The Department for Work and Pensions must take urgent action to resolve ongoing problems around pension transfer regulations, says Quilter, as issues persist.
The warning comes after a Freedom of Information request to the Money and Pensions Service showed that more than four out of five (82%) of all amber flags were raised due to either an unknown reason or for a potentially low risk transfer relating to overseas investments.
Of the 21,250 MoneyHelper pensions guidance sessions conducted since the regulations were introduced two years ago, nearly half (45%) were conducted with an attendee who did not know the reason why an amber flag had been raised. Furthermore, more than a third (37%) were conducted after a flag was raised on potentially low-risk transfers relating to overseas investments.
Quilter said a primary issue was the wording around overseas investments, with flags often catching many legitimate investments in overseas markets, resulting in many potentially low-risk pension transfers being halted despite guidance from The Pensions Regulator.
Another issue identified by Quilter was a failure to inform customers why an amber flag has been raised. This has led to difficulties in assessing the effectiveness of the regulations due to gaps in data collection and risks diminishing consumer engagement with the MoneyHelper sessions, the wealth manager said.
Jon Greer, head of retirement policy at Quilter, said: “There is no doubt that the pension transfer regulations will have helped save people from fraud and while it is positive to see such an increase in the number of people receiving scam guidance when there is a real cause for concern, the fact remains that there are far too many unnecessary points of friction within the regulations that have put a dampener on their effectiveness.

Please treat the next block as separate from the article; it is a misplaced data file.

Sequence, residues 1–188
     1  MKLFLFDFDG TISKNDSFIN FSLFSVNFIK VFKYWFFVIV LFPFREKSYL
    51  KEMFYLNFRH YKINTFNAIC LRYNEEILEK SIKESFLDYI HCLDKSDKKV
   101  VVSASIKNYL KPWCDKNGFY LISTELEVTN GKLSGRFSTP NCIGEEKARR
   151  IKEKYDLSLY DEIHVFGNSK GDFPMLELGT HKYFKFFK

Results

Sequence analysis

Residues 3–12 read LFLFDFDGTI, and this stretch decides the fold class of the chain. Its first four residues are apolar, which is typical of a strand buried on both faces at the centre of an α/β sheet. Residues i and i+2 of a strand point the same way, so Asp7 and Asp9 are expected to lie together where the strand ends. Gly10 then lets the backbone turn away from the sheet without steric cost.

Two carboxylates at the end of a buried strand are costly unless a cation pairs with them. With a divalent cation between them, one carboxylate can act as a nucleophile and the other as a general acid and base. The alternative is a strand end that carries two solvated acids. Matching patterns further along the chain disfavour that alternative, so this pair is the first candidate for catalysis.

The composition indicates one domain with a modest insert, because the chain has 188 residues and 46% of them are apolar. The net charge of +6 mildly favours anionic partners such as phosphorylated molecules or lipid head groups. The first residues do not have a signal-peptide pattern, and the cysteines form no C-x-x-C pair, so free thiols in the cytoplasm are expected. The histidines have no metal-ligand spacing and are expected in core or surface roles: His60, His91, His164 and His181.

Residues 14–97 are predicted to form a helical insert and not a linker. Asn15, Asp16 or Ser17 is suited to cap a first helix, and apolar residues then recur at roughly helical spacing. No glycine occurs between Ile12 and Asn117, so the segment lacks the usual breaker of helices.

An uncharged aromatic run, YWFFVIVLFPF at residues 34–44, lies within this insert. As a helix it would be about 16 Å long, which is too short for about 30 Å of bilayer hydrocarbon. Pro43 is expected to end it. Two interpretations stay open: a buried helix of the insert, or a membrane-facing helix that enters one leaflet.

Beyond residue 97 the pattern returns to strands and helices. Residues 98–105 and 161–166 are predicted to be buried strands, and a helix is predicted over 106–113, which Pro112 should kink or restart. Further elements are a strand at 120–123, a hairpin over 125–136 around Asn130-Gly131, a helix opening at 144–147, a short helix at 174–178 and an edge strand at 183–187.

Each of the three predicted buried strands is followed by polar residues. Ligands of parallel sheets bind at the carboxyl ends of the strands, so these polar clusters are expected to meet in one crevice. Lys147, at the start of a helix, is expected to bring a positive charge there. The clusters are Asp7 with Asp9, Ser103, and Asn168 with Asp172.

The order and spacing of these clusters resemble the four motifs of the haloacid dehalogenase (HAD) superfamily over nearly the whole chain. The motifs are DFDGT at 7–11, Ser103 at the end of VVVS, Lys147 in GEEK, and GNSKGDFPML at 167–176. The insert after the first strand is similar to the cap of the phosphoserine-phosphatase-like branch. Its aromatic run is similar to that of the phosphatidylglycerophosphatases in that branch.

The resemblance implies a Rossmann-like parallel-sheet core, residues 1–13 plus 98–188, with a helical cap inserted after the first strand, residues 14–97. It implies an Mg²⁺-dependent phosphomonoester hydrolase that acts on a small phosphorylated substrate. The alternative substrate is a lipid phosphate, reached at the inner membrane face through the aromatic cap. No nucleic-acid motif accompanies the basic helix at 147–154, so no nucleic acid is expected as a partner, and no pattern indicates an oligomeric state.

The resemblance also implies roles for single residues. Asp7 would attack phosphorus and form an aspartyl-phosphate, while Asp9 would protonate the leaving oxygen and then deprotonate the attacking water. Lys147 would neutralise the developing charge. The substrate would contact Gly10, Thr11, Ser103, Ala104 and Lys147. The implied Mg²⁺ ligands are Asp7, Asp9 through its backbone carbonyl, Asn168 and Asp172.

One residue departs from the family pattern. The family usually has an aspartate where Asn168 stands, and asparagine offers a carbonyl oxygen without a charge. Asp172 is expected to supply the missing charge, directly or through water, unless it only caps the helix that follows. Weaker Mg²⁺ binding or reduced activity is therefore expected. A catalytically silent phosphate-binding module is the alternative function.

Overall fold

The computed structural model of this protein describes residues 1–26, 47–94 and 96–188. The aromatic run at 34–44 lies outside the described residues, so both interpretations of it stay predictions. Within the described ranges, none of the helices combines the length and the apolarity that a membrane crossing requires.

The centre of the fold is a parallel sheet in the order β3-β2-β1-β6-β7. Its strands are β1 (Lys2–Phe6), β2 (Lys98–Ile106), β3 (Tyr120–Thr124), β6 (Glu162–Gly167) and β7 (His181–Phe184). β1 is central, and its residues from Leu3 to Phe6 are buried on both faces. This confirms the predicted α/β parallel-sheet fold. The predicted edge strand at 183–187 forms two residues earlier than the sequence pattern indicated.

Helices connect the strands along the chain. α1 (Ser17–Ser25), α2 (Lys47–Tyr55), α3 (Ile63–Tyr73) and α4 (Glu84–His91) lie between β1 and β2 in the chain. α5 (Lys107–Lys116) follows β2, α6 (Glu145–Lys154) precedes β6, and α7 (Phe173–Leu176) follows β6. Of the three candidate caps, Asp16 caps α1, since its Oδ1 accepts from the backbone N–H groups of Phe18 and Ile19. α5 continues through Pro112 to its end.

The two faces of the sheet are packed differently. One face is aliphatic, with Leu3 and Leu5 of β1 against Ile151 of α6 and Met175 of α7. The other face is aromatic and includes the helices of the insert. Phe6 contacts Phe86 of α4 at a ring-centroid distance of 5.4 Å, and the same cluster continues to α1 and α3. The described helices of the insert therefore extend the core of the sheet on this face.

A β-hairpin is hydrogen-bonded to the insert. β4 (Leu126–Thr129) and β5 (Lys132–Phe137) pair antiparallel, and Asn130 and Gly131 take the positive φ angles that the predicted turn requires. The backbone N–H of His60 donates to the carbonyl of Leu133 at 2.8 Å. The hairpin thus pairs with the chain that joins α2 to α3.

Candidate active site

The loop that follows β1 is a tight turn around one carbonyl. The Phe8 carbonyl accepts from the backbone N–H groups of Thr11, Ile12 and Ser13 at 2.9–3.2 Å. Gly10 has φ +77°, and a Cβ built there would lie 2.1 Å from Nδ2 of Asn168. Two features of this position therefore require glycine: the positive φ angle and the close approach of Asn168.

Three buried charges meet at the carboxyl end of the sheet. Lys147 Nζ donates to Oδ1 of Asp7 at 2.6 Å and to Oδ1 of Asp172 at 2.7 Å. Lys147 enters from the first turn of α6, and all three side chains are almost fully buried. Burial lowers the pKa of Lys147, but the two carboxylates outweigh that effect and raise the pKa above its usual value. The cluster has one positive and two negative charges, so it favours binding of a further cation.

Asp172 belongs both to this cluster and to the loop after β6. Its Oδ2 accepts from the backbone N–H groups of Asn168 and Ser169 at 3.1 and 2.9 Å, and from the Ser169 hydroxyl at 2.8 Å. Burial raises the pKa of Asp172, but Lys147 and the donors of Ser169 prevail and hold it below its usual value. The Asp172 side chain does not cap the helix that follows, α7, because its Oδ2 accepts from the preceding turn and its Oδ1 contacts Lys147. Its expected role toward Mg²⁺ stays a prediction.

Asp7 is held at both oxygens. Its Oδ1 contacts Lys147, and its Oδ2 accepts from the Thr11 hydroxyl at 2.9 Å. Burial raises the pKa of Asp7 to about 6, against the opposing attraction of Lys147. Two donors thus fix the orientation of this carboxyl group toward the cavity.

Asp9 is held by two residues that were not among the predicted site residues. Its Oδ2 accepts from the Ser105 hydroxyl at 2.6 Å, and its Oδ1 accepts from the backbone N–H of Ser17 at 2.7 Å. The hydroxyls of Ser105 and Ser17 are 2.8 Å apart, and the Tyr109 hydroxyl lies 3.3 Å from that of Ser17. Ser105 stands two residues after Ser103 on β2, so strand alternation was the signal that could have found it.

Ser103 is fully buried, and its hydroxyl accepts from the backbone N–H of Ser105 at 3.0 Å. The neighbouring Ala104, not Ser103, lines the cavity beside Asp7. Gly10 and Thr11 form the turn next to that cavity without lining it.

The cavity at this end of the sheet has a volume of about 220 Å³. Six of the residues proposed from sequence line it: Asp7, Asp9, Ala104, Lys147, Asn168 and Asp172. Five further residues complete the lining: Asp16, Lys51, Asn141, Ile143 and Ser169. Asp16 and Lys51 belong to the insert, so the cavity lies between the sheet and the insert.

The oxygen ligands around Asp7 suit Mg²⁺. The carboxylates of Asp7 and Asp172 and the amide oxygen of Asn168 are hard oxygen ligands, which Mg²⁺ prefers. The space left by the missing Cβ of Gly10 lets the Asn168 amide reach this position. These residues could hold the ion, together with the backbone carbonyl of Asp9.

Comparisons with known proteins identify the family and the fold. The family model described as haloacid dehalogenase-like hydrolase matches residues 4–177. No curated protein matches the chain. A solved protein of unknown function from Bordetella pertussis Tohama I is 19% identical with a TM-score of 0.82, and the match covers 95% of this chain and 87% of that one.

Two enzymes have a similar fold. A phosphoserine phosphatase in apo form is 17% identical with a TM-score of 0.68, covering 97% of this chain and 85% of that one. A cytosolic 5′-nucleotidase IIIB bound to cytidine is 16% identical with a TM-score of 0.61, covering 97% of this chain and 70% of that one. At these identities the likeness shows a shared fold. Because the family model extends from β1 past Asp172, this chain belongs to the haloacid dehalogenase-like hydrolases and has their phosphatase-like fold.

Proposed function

“For two years now, the industry has been making the case with the DWP to make meaningful changes to resolve the issues caused by the regulations. Since Quilter’s initial FOI request to MaPS revealed a large number of potentially low risk transfers relating to overseas investments were being needlessly halted, we have continuously called on the DWP to put the issues right. It was hoped that the DWP’s review would resolve the ongoing problems but disappointingly action in this area is slow.”
Greer said there remains a “clear divergence” between policy intention and the practical application of the law when it comes to the wording around overseas investments. Greer urged the DWP to provide clarity to the way rules are worded to make a distinction between overseas investments that present a scam risk and those that do not.
Greer also warned that the lack of clarity to consumers increases the potential for further consumer disengagement and frustration.
Greer added: “The onus must be put on pension schemes to provide clear and accurate information to customers on the reason an amber flag has been raised and making it an explicit legislative requirement would be a sure fire wag to solve the issue.
“In its review, the DWP committed to conducting further work and considering making changes to improve the pension transfer experience. It must now look to resolve these issues as a matter of urgency as consumers are needlessly suffering delays and have been for two years.”